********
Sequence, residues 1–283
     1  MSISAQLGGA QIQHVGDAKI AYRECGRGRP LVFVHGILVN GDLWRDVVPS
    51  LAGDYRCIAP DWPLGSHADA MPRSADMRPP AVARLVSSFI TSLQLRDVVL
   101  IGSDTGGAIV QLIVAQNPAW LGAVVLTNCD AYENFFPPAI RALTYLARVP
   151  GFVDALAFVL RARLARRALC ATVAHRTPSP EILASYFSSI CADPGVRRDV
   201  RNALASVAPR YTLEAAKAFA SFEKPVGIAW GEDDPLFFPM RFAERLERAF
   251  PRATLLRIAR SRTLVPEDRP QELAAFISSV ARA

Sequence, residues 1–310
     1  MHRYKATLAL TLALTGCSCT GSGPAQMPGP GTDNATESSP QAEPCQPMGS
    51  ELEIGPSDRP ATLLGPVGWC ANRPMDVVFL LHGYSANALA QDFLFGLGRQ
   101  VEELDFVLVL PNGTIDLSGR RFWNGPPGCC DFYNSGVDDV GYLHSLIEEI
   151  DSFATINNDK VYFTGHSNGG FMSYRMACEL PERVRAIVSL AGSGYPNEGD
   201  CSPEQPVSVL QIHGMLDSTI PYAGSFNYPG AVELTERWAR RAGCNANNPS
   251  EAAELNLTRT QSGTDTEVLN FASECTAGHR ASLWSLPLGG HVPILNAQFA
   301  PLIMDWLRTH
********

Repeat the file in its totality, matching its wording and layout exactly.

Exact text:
Sequence, residues 1–283
     1  MSISAQLGGA QIQHVGDAKI AYRECGRGRP LVFVHGILVN GDLWRDVVPS
    51  LAGDYRCIAP DWPLGSHADA MPRSADMRPP AVARLVSSFI TSLQLRDVVL
   101  IGSDTGGAIV QLIVAQNPAW LGAVVLTNCD AYENFFPPAI RALTYLARVP
   151  GFVDALAFVL RARLARRALC ATVAHRTPSP EILASYFSSI CADPGVRRDV
   201  RNALASVAPR YTLEAAKAFA SFEKPVGIAW GEDDPLFFPM RFAERLERAF
   251  PRATLLRIAR SRTLVPEDRP QELAAFISSV ARA

Sequence, residues 1–310
     1  MHRYKATLAL TLALTGCSCT GSGPAQMPGP GTDNATESSP QAEPCQPMGS
    51  ELEIGPSDRP ATLLGPVGWC ANRPMDVVFL LHGYSANALA QDFLFGLGRQ
   101  VEELDFVLVL PNGTIDLSGR RFWNGPPGCC DFYNSGVDDV GYLHSLIEEI
   151  DSFATINNDK VYFTGHSNGG FMSYRMACEL PERVRAIVSL AGSGYPNEGD
   201  CSPEQPVSVL QIHGMLDSTI PYAGSFNYPG AVELTERWAR RAGCNANNPS
   251  EAAELNLTRT QSGTDTEVLN FASECTAGHR ASLWSLPLGG HVPILNAQFA
   301  PLIMDWLRTH